When we discuss the topic of modesty, contemporary Catholicism is hindered by the fact we begin from a flawed premise. We primarily treat modesty as something having to do with the exterior (the length of skirts, how much skin we show, etc), instead of what modesty says about us as persons made in the image of God. When we look at it from that perspective (as I attempted to do in my previous thoughts on modesty), it allows us to see modesty in a new light.
The most important thing it does is teach us that modesty is not a result of sin. This is something most if not all discussions about modesty (especially those centered around JPII’s Theology of the Body) get wrong. To them, the need to veil and cover up (their version of modesty) comes from a result of original sin, and the tendency of the human person to lust. Remove the problem of lust, and you remove the “problem” of modesty.
The Catechism of the Catholic Church presents modesty in an entirely different way. For Catholics, we should instead look at modesty in the following way (CCC2521-2524):
Modesty protects the intimate center of the person. It means refusing to unveil what should remain hidden…
Modesty protects the mystery of persons and their love. It encourages patience and moderation in loving relationships; it requires that the conditions for the definitive giving and commitment of man and woman to one another be fulfilled. Modesty is decency. It inspires one’s choice of clothing. It keeps silence or reserve where there is evident risk of unhealthy curiosity. It is discreet…
Modesty inspires a way of life which makes it possible to resist the allurements of fashion and the pressures of prevailing ideologies.
For the Catechism, modesty is something intrinsic to the human condition. When we practice modesty, we are doing something we were always meant to practice. The more we practice modesty, the more we grow in holiness. One of the greatest examples of this concept from the Scriptures is that of Mary.
When we look at the words of the Sacred Scriptures, we see Mary involved in many of the key events of salvation history, but seldom do we actually read her thoughts about being the Mother of God. We never see the thought process behind her fiat. Even in the lengthy instance of her speaking (The Magnificat), we only see her blessing God, instead of explaining to her cousin the joyous event which has occurred. When the shepherds tell Mary an angel spoke of her child’s true identity, we don’t have her response. When Simeon tells her that not only is Christ the Messiah, but that this has very painful ramifications for her, we still hear nothing.
We should not imply from this silence that Mary was an automaton, who had no feelings. St. Luke’s Gospel tells us instead on two different occasions that Mary “pondered these things in her heart.” (Luke 2:19-51) Her first tendency was not to broadcast herself to the world, but rather to veil those thoughts within her heart, where she could converse about them with God.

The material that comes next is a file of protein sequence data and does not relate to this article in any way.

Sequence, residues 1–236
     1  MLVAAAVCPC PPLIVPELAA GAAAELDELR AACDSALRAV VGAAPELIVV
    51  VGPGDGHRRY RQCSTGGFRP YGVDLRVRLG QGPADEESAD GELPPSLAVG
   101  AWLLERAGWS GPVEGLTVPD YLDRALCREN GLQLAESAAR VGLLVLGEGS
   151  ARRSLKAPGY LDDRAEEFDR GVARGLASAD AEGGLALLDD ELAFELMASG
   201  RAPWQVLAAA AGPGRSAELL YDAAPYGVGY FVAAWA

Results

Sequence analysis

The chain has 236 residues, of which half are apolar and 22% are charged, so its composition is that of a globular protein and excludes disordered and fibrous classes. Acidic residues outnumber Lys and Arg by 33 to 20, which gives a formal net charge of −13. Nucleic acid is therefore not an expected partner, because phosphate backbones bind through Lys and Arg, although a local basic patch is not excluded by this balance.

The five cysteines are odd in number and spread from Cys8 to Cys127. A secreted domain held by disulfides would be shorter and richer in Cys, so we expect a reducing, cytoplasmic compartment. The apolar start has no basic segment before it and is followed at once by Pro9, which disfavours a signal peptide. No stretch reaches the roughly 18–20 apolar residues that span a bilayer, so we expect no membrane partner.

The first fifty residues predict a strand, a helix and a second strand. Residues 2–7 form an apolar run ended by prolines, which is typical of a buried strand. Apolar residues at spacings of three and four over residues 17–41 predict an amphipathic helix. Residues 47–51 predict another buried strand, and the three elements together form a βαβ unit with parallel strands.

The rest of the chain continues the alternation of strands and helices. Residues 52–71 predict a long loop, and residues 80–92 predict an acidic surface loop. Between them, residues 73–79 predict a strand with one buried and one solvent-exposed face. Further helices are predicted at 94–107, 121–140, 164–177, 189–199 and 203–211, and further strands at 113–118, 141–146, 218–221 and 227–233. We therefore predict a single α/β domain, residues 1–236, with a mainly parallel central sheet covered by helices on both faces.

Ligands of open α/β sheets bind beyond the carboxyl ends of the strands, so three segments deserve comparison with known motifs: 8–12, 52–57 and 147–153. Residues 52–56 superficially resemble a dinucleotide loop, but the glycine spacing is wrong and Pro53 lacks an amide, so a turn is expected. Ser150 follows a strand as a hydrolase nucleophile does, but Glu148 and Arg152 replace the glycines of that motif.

The desire to ponder all things within the heart from the start is the beginnings of modesty. Just because we can do something does not mean we should. Mary could have broadcasted her thoughts on all these events, and nobody would blame her. She might even have become quite the celebrity for doing so. Yet then it would have been about her, instead of about her Son. As the Mother of the Redeemer, she was also His first Evangelist. Making things all about you and your thoughts probably doesn’t make a very good representative for a Gospel whose primary message is a willingness to cast off what is rightfully yours, live humbly and lay down your life for people who can’t wait to drive nails into your flesh.
How does this translate into understanding modesty in the modern world? First and foremost, it requires that every thought, every action, and every choice be pondered within the heart in discussion with God before we take action. This spirit influences our choice of clothing by making us question if what we wear is an accurate representative of who we are as a human person, a royal creation meant to rule the cosmos with Christ.
This understanding of modesty is contrary to everything the modern world preaches, especially in matters of physical appearance. We value action above words, and words above thoughts. Whether the bikini or the flashy suit, the modern world prizes being provocative with our fashion. The Catechism tells us that modesty makes it possible to resist the temptations of fashion and ideology.
Why does the temptation of fashion and ideology have to be resisted? Fashion and ideology aren’t inherently sinful. They are to be resisted for the same reason Mary resisted broadcasting all her feelings on being Theotokos to the world: they were distractions from what we should really be focused on. We should be focused on the gifts which God gave us that we share with the world. God gave Mary a great gift in bearing the redeemer, and she in turn presented Him to the world, not her own thoughts. I don’t want my appearance being a testimony to my physical figure (or lack thereof) or my thoughts. My thoughts constantly change, and my physical figure will be a fat slob one year, cut and chiseled another, and finally old and wrinkled. Yet during all of those changes, the fact that I belong to Christ should never change. The virtues that He infused within my soul are what should catch people’s attention, not something that I will wear and discard in a few years.
This is what the message of modesty is about. It isn’t about the measurements of one’s skirt or how loud your power tie is. It is recognizing both of those things are ultimately fleeting, and that we should instead be identified by what is really important: making sure nothing we do (whether clothing, thoughts, or actions) gets in the way of bringing Christ to the world.